Another Ten Seconds
Chapter 12: No Hidden Message

by Jeff Rand

John graciously thanked the dead woman for the loan of her clothing and proceeded towards the exit of the cemetery. His makeshift shoes and attire proved quite adequate compared to his earlier situation. With no one around to create a sense of immodesty, he realized that this could make a real difference in his ability to survive.

The devastation John experienced as he walked through the gate of Michigan Memorial Park shocked him. Huron River Drive was virtually impassable, at least for motor vehicles. It was filled with debris of fallen trees and littered with trash and leaves, all partially covered with snow. Across the road he noticed a sign of previous human habitation.

John proceeded to cross the street, not bothering to look both ways, in order to examine the house. It did not require keen eyesight to realize that the old frame house had been burned and the roof had collapsed. John determined it to be a total loss and of no value. Likewise the car parked next to house suffered from the fire. The interior of the vehicle was gutted and the chimney from the house had fallen squarely on the hood. "I don't believe that even Doug Wilson could salvage this one," thought John. There were a few pieces of junk in the yard, but they appeared useless and were obviously discarded.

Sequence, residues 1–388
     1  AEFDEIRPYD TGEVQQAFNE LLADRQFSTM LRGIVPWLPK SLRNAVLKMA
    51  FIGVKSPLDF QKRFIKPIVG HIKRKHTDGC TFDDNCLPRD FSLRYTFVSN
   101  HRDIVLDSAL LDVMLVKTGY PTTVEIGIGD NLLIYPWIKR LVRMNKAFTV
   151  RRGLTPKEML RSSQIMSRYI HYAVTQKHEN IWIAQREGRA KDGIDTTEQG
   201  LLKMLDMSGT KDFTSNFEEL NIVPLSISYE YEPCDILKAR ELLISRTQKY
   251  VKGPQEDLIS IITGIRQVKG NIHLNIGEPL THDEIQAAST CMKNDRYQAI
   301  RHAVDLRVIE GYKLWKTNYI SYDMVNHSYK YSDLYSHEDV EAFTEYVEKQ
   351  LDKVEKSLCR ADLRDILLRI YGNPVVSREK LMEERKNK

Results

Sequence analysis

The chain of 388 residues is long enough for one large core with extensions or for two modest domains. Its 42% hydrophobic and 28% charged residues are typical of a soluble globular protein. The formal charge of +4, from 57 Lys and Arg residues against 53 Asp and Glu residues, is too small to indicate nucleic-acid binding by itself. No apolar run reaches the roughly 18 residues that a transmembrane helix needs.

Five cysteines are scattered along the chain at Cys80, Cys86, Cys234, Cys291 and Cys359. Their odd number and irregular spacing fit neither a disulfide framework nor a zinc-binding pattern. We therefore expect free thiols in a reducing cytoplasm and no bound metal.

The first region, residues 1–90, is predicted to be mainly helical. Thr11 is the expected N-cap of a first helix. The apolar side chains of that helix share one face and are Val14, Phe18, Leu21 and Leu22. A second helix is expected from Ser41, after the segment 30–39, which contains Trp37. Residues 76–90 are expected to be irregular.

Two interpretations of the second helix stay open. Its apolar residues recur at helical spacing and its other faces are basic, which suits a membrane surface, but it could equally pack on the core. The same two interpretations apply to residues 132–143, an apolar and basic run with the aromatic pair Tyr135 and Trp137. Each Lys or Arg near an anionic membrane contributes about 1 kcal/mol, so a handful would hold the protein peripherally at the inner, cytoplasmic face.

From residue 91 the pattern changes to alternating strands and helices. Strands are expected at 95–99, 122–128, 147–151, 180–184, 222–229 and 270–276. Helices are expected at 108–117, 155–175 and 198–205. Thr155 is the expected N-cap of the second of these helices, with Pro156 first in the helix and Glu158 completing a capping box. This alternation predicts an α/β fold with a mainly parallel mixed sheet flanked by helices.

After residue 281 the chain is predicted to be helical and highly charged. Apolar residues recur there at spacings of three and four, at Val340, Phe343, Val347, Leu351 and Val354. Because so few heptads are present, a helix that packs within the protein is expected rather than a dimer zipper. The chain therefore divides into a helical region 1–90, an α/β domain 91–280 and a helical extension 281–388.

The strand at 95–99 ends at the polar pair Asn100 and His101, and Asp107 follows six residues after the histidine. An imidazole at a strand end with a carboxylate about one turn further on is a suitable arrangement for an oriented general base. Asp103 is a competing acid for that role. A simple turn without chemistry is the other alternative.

It was the doghouse in the rear that caught John's attention. In the midst of devastation, the doghouse appeared intact. John walked beside the car to the backyard to get a closer look. Other than being a bit weathered, the doghouse was quite normal looking. Not sure what he was looking for, John peered inside. It was empty. Just then he noticed an old rope leading from the doghouse into the yard. He grabbed the rope with his neckerchief-covered hands to brush away the snow. He followed it until it terminated with a chain dog collar. He brushed away the snow in the area to discover a pile of bones.

Reality had now awakened as unwelcome visitor. The bones undoubtedly belonged to a dog, who had died while tied to his doghouse. John knew that the poor creature must have starved to death when his human masters left for their altered universe, more than three years ago. John had probably shared the same quarters with them in the NVR center.